Here’s a sample focusing on Maine, which recently voted to join the National Popular Vote Interstate Compact (NPVIC):

View more federalism shorts here.

State Roundup

The states are often called “the first branch of government.” While state politics typically receive less attention in the study of US Government, they remain vital to maintaining the overall balance of power in the American federal system.

Contrary to some visions of American government that focus only on the high-stakes battles in DC, or in the national courts, the states continue to carry out most of the important functions in our lives, from education to healthcare to welfare and crime.

As of writing, there are currently more than 125,000 bills or pre-files across the 50 state legislatures. 28 states are currently in session with 1 state (North Carolina) not yet convened. 4 states have no regular session this year, and 17 states are adjourned.

The States and Federalism

Some readers may be surprised to learn that there are no organized or systematic attempts to track legislation across the states that have implications for Federalism. The Federalism State Policy Tracker is our attempt to correct this oversight.

Here are just a few of the policies attracting attention in the last few weeks:

  • Florida Title IX: the Department of Education released a final rule on Title IX which will go into effect on August 1st, 2024. Florida’s DOE released a memo indicating that the Governor will resist controversial new changes.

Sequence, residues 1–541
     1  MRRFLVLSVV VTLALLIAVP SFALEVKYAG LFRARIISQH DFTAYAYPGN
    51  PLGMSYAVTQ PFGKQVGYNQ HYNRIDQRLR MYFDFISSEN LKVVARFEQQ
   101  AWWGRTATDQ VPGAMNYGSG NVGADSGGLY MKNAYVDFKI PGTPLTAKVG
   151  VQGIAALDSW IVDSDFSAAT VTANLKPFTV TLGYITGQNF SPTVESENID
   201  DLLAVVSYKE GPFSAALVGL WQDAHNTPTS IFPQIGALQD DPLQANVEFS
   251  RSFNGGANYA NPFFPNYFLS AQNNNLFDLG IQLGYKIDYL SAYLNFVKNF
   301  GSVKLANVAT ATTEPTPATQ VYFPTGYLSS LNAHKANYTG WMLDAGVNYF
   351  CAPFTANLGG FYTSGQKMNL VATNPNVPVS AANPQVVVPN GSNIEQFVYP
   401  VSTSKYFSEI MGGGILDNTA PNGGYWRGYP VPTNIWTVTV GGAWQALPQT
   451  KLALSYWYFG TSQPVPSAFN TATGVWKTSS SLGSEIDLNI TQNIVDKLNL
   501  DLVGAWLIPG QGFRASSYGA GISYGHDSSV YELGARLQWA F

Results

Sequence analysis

• Pennsylvania Sheetz Lawsuit: the Biden Administration has sued a Pennsylvania convenience store chain for discrimination, arguing that its use of criminal background checks “disproportionately screened out Black, Native American/Alaska Native and multiracial applicants.” Read the lawsuit here
  • Georgie Voter ID: A federal judge has dismissed a challenge to Georgia’svoter ID law. Critics of the law worry that the regulation would delay new citizens’ ability to vote. A federal judge ruled that the plaintiffs failed to prove that the voting rights of new/naturalized citizens were violated by being required to obtain a new state ID before voting
  • AGs Election Integrity Statement: A group of 16 GOP attorneys have drafted a statement criticizing AG Merrick Garland for some vague comments relating to a plan to go after state election integrity laws. Read the letter here
  • Arkansas Transgender Treatment Ban: a federal appeals court heard argument’s on Arkansas’transgender surgery ban. This is the nation’s first major state-level ban on gender surgery for minors. Similar restrictions have been adopted by more than two dozen other states.
  • California Gas Ban: in California,the city of Berkeley has repealed what some have called the “first ever gas ban,” a measure that would have prohibited natural gas hookups in new construction. Observers have called the lawsuit a “final blow” to “dozens of California measures, which may raise questions about the fate of similar state laws

For more on each of these actions, see our “State Policy Tracker.


Congress plays an important role in respecting the autonomy of state governments within their spheres of authority. As Federalism scholar Martha Derthick has noted, Congress “both embodies federalism and influences how federalism is put into practice.”